Hello All,

Two weeks ago we featured a problem submitted by Sandeep S. In our opinion it was such a superlative problem, that everyone of all levels should get to see it.

Here is the problem:

Sandeep's Harmonic SumsFor each positive integer \(n\), let \[H_n = \frac{1}{1} + \frac{1}{2} + \cdots + \frac{1}{n}.\] If \[ \sum_{n=4}^{\infty} \frac{1}{nH_nH_{n-1}} = \frac{a}{b} \] for relatively prime positive integers \(a\) and \(b\), find \(a+b\).

This problem is posed by Sandeep S.

The SolutionNote that \[\begin{align} \sum_{n=4}^{\infty}\frac{1}{nH_nH_{n-1}} &=\sum_{n=4}^{\infty}\frac{1/n}{H_nH_{n-1}} \\ &= \sum_{n=4}^{\infty}\frac{H_n - H_{n-1} }{H_nH_{n-1}} \\ &= \sum_{n=4}^{\infty} \left( \frac{1}{H_{n-1}}-\frac{1}{H_n} \right)\\ &= \frac{1}{H_3} \\ &= \frac{6}{11}. \\ \end{align} \]

Therefore the answer is \(6+11=17\).

The elegance of the solution blew us all away. Thanks Sandeep for such a cool problem!

## Comments

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TopNewestWell, I am not going to derogate his method but I don't think I am blown away by this, coz I have done it in the exactly same manner. This was quite an easy problem for 180 points. – Christopher Johnboy · 3 years, 9 months ago

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– Sebastian Garrido · 3 years, 9 months ago

The mind blowing aspect is not the extreme creativity of the solution(Like other commenters pointed out, it is not so creative). Is the fact that intimidating problems everywhere in life can have simple solutions.Log in to reply

A note, this was from the February NIMO contest, featuring only student-written problems. Check it out: internetolympiad.com – Michael Tang · 3 years, 9 months ago

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– Sotiri Komissopoulos · 3 years, 9 months ago

Yeah, the problem was part of the February 2013 NIMO (http://www.artofproblemsolving.com/Forum/resources.php?c=182&cid=194&year=2013). It's a cool problem. The original was posed by a user named ssilwa. Is that Sandeep?Log in to reply

– Arshdeep Duggal · 3 years, 9 months ago

Sandeep is an indian name and we call our maths olympiad as INMO.So he is clean...Log in to reply

– Fiyi Adebekun · 3 years, 9 months ago

I know ssilwa from AoPSLog in to reply

– Pranav Arora · 3 years, 9 months ago

Thanks for that link, can you provide a link with the answers too?Log in to reply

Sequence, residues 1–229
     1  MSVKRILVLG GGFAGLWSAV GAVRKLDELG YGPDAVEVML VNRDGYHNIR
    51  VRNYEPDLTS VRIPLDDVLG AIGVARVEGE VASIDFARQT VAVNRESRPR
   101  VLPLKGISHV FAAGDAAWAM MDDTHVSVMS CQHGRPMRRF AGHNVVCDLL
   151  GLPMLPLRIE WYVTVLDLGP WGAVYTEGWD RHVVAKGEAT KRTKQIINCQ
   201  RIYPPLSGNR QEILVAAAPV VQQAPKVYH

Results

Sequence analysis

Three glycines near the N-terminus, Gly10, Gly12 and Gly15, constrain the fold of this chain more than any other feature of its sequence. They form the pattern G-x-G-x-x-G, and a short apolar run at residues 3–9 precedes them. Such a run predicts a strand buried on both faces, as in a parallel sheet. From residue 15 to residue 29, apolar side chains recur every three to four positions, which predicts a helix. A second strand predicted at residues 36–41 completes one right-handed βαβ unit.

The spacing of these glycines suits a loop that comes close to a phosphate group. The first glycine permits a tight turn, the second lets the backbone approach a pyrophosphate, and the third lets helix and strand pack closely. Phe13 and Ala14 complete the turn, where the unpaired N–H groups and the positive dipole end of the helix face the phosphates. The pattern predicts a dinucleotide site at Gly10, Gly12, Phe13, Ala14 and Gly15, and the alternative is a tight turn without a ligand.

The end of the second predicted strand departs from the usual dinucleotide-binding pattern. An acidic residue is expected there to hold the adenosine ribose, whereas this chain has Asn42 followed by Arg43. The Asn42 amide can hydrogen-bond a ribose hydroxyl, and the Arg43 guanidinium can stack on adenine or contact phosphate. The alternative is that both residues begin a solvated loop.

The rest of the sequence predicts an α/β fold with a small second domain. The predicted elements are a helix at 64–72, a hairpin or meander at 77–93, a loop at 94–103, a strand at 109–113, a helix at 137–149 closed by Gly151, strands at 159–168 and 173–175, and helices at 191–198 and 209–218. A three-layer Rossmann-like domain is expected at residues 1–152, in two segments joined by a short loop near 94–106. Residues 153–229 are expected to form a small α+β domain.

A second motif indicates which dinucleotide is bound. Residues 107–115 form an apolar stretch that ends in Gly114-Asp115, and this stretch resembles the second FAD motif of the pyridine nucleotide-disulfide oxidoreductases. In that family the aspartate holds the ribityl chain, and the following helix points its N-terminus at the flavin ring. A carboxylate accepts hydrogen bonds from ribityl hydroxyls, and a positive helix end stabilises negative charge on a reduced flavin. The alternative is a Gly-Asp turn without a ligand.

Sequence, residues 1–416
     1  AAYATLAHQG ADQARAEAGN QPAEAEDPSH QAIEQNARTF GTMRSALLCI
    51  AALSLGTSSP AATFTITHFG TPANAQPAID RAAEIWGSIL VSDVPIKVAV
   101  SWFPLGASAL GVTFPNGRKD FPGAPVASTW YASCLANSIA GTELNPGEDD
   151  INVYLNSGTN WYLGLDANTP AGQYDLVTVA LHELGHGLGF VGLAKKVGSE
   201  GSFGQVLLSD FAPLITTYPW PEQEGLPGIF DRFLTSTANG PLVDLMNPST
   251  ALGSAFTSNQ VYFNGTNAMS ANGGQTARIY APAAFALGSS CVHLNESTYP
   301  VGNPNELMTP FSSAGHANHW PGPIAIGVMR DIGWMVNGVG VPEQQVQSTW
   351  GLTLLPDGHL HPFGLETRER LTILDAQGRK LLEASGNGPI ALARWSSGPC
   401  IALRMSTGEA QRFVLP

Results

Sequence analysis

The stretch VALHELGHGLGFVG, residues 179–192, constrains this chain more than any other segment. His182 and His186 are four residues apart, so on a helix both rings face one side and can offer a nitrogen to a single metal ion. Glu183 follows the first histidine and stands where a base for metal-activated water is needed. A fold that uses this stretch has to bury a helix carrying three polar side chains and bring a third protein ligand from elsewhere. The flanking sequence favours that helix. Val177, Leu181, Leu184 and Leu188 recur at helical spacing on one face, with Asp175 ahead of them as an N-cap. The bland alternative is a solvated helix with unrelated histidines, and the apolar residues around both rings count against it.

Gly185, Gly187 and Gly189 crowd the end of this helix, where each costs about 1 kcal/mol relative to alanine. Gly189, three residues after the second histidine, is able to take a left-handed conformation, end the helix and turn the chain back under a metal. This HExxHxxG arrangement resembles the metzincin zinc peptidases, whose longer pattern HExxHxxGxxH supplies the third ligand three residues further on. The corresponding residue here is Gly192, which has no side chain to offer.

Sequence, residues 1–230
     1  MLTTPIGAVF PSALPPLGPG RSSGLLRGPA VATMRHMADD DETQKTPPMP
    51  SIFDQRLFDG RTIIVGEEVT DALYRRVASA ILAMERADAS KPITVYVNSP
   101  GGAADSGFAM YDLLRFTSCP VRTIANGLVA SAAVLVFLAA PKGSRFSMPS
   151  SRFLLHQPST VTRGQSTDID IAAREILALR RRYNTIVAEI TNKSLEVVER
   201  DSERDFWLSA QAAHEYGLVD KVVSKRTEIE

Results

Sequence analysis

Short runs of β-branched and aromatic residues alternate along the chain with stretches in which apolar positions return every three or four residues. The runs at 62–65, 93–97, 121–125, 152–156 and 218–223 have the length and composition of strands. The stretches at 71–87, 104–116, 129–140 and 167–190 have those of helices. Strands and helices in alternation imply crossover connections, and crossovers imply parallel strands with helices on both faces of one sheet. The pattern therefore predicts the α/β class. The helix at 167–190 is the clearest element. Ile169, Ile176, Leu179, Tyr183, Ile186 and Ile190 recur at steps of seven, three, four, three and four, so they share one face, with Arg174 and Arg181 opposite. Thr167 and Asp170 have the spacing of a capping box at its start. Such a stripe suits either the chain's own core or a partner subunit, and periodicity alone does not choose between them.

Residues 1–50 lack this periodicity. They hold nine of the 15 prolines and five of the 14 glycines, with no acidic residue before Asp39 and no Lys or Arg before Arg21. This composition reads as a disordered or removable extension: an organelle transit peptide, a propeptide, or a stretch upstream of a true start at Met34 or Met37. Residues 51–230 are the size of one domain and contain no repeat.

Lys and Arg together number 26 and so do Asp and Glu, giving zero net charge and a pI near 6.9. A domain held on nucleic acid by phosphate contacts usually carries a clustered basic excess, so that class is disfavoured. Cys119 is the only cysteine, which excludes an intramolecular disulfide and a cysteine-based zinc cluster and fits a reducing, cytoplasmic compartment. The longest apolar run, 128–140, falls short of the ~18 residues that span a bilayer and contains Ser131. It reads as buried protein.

– Nur Muhammad Shafiullah · 3 years, 9 months ago

http://www.artofproblemsolving.com/Forum/viewtopic.php?p=2944235#p2944235Log in to reply

– Pranav Arora · 3 years, 9 months ago

I meant the solution to the other problems given in the link posted by Sotiri K.Log in to reply

– Nur Muhammad Shafiullah · 3 years, 9 months ago

You can click on the problem number of any problem on the link given by him to see the full solution.Log in to reply

– Pranav Arora · 3 years, 9 months ago

Thanks!Log in to reply

– Oikj P · 3 years, 9 months ago

thanksLog in to reply

Really , it was quite a simple problem and required nothing so creative . This telescopic series are standard way to solve these problems , i think there are many good problems by Zi song or others. :) – Shivang Jindal · 3 years, 9 months ago

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i like this problem so much, it feels like blowing my mind away. i do beg for more creative problem such as this. thank you brilliant.org – Joshua Richard Theodoroes · 3 years, 9 months ago

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this question is from one of maths olympiad exam – Anubhav Singh · 3 years, 9 months ago

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I think there should be at least one comment about limit process, convergence... – Victor Chaves · 3 years, 9 months ago

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I don't see how we go from line 3 to line 4 in the solution, can someone explain? – Ovi N. · 3 years, 9 months ago

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– Liam Ashby · 3 years, 9 months ago